Parallels between the NBA salary system and open source
A story about how open source increases stakeholder value at the cost of stakeholder monopoly
After catching up with a colleague for a couple of cheeky Saturday coffees I was listening to one of the excellent NPR podcasts: Planet money. Specifically, an episode titled “Lebron James is still getting underpaid.” While listening I was returned back to the following conversation about the value of open source:
(See the whole thread for additional context)
Open source is an issue that I’ve struggled with personally over my career. I contribute to open source projects out of a sense of justice, but without being able to point to a (clear and direct) relationship between these open source contributions and an increase in business profit.
Lebron James is underpaid
While I recommend that you listen to the podcast noted above, I will attempt to describe how the NBA salary arguably underpays Lebron, but how this is probably fine. Now, I don’t watch, nor understand Basketball, so I apologise in advance if my understanding is inaccurate.
Lebron James is arguably among most effective NBA players of all time. He’s able to shoot, pass and work effectively in a team at a higher performance level than most other players. However, despite his proficiency he’s unable to leverage that for a higher income. Specifically, the NBA limits income in two ways:
The NBA salary cap limits the amount a given team is able to pay a given player. The limit applies both to the total amount of money that a team is able to spend on all it’s players, as well as the amount money a team is able to spend on any given player. So, regardless of what a team might want to pay Lebron, they’re limited by rules set at the league level.
Perhaps the more nefarious way in which Lebron’s salary is limited is the draft. In most other industries a given employee can simply advertise their skills on the open market, finding an employer that will pay them the largest amount of money possible for their given skillset.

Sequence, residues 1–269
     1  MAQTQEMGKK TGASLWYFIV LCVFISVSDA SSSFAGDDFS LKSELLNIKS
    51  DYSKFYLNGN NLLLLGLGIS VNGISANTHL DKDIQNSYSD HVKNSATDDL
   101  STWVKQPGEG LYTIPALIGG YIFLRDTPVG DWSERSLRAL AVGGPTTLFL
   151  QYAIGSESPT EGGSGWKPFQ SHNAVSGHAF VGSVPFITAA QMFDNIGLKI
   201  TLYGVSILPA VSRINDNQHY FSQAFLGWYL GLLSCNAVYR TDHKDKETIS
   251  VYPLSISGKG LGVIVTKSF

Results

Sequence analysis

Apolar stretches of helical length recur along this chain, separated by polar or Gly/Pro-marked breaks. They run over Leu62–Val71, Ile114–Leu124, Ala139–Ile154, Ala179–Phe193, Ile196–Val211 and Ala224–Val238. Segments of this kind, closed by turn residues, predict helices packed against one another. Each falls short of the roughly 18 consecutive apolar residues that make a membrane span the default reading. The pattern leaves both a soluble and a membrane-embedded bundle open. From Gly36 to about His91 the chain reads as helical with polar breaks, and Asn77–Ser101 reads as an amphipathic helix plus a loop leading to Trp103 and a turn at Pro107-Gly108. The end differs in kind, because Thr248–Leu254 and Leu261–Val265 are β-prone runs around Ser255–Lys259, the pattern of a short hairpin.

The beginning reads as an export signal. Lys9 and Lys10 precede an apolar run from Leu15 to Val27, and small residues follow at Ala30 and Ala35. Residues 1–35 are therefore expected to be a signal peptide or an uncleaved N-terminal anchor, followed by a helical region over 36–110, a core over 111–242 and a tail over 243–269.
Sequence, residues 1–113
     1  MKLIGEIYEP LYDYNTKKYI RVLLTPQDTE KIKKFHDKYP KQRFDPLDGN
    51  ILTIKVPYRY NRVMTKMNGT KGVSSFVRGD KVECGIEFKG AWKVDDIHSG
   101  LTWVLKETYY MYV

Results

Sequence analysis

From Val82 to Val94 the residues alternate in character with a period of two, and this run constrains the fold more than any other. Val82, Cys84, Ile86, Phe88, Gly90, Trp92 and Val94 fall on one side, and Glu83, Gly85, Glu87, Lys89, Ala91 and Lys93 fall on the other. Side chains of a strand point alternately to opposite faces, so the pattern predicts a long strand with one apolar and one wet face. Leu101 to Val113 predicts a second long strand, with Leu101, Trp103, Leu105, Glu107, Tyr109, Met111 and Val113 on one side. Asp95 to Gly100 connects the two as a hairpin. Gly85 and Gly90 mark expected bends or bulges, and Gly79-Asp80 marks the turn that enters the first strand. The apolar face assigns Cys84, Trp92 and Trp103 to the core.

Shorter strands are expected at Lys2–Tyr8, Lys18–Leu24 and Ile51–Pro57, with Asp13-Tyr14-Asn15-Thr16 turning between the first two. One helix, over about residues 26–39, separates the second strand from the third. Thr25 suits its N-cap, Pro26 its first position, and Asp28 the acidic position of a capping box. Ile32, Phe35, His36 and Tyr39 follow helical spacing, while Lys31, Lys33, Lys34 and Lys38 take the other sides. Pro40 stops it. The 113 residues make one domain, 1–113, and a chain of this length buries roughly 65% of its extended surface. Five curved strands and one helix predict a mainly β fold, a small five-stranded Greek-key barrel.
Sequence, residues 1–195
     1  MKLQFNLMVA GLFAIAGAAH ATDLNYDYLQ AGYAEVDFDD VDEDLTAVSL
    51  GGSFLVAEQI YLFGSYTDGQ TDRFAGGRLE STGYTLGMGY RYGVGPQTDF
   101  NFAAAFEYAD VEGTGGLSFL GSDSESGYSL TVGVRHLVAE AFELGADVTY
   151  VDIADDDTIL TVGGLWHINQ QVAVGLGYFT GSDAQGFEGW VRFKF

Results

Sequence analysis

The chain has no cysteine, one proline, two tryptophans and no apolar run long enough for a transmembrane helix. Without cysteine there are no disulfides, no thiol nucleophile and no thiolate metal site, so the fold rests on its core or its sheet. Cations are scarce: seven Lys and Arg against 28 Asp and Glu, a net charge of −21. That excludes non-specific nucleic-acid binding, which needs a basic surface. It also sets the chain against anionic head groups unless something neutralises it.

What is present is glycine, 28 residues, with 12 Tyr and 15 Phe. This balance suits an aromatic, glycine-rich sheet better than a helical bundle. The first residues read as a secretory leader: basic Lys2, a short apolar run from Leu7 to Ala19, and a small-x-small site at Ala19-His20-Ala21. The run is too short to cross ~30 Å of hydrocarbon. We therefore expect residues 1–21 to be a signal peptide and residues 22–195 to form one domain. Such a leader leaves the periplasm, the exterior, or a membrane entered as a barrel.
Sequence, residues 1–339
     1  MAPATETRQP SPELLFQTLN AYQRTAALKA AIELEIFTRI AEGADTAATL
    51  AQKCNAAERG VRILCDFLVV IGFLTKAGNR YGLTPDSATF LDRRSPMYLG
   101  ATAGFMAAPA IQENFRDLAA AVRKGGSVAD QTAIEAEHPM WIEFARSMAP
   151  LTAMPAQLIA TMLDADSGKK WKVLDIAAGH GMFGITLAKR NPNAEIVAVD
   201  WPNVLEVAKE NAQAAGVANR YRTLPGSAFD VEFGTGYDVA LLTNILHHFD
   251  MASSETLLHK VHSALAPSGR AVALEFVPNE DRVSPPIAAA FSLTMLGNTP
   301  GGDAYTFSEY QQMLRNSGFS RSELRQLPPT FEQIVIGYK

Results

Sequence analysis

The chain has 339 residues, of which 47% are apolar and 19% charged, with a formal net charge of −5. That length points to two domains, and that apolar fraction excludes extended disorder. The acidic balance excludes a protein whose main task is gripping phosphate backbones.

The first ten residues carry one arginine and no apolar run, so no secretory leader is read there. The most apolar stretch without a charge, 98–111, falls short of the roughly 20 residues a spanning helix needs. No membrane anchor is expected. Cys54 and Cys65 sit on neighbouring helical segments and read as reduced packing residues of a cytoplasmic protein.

This is not the way it works in the NBA. Instead, players who wish to join the NBA are subjected to the draft. In the draft the worst teams in the league are given first preference over their choice of players who are eligible for this process. So, the choice for where Lebron is going is not up to Lebron, but rather up to a combination of chance and the team who would choose to pick up from the draft. He’s thus unable to ‘shop around’ between teams to find those who will pay him a larger salary.
In summary, both Lebron’s cash salary is limited directly, and he’s unable to negotiate between teams. Ostensibly, not an enviable position to be in.
It’s probably fine
The weird part about this system is that, in total, Lebron is probably able to net a larger salary as a result this system, designed to limit his salary in comparison to other players.
The trick is in understanding the value proposition of basketball. When fans are spending money on basketball, they’re not spending money investing in the highest performing team over a long period of time. Rather, they’re spending money on their hometown team, the team they identify with. Additionally, they’ll only spend the money on this team if they believe this team has a chance of winning the NBA championships.
By allowing lower performing teams first pick at higher performing players and limiting the total income, the NBA guarantees that there will be a high degree of movement in the high performing players to low performing teams. Those consumers who would spend money on these teams will then rally behind the hope these high performing players will bring, but not at the expense of fans associated with the team the player has just left — instead, remaining loyal to that team (at least for a time)
This greatly increases the value of the basketball league. Back to Lebron, the vast majority of Lebrons wealth is not in direct recompense from the league, but rather through endorsements or other advertisement deals. These endorsements are only possible due to the mystique associated with the league and sports fans investment in it, in turn directly a result of the draft and the salary cap.